More good news: The National Weather Service has canceled the red flag warning for fire danger, cutting it eight hours short.

“Weak cells are still over the North Bay, however most moisture has moved north of our area and instability has decreased, giving us confidence to let the warning expire early,” the NWS said in a statement canceling the warning around 10 a.m. instead of the original 5 p.m. end.

At a morning Sonoma County update, Cal Fire officials said favorable weather overnight helped crews keep fire growth to a minimum and allowed them to strengthen fire lines and bulldozer paths. The Walbridge fire grew about 3,000 acres overnight.

As of Monday morning, the Walbridge fire was estimated at 54,068 acres with 5 percent containment.

The Meyers fire was nearly contained at 2,360 acres – and fire Chief Ben Nicholls said it may be completely contained today.

“We experienced no significant growth of the fire last night on the Sonoma County side of the incident,” he said. “With that, there was an increase in moisture in the air last night and today that has lessened the fire action on the fire line.”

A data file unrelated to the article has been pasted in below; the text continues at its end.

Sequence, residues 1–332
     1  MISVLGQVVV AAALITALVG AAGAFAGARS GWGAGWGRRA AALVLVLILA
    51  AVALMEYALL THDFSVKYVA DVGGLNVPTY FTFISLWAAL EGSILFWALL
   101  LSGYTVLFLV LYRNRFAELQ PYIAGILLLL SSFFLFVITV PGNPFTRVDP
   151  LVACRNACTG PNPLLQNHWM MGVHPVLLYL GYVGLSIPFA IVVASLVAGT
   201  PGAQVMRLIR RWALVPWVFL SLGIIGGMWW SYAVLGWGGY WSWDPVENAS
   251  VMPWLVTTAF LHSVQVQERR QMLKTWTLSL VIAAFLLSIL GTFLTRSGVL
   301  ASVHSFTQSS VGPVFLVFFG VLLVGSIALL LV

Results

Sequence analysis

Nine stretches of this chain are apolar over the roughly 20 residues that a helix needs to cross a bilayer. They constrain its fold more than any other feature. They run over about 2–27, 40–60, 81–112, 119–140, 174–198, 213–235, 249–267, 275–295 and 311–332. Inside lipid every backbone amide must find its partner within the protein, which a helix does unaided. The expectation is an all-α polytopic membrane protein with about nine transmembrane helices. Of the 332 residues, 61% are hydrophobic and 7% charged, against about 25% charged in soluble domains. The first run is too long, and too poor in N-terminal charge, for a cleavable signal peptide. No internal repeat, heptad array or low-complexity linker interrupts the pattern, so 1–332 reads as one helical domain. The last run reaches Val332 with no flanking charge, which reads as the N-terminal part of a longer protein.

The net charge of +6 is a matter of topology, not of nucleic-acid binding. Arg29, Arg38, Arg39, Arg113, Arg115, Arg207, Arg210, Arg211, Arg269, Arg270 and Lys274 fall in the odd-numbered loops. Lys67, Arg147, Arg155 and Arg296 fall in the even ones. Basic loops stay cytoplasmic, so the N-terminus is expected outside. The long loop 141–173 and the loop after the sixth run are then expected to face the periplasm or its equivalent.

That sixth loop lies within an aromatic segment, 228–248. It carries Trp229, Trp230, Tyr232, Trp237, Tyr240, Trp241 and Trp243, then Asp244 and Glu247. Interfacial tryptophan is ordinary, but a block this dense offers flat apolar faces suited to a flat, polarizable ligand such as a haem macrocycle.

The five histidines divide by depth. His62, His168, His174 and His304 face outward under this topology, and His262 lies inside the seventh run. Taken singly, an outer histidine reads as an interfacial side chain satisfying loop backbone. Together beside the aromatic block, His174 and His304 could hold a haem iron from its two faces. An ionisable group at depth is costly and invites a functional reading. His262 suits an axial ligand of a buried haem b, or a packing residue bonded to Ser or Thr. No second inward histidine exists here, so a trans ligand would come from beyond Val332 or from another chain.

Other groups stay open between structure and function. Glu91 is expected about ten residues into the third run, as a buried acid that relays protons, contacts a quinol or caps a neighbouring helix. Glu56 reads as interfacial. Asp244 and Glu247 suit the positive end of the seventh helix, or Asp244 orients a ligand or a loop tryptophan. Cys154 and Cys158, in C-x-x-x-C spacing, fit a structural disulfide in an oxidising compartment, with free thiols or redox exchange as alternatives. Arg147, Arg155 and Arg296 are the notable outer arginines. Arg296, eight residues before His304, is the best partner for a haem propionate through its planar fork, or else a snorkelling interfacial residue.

Cal Fire incident commander Sean Kavanaugh said he is optimistic about the battle against Walbridge flames today.

“We’re taking advantage of the weather,” he said, saying he had spoken to firefighters this morning about it. “We can’t pass up those opportunities.”

Kavanaugh said five damage assessment teams would be on the ground in Sonoma County to begin documenting structure loss and damage.

“We don’t have accurate clear numbers for Walbridge and Sonoma County yet,” he said.

Those figures could come as soon as this afternoon once crews begin tallying damage, or more likely tomorrow.

A total of 560 structures released Sunday by Cal Fire spokesman Will Powers wasn’t accurate, he said.

9:30 AM: Video shows Walbridge fire in Armstrong Woods State Natural Reserve

Photojournalist Beth Schlanker spent Sunday at Armstrong Woods in Guerneville:

7:30 AM: School closures in west Sonoma County due to evacuations

Healdsburg School District operations are closed Monday because of evacuations.

Early Monday, the Sonoma County Office of Education announced the district cancelled distance learning due to evacuations related to the Walbridge Fire.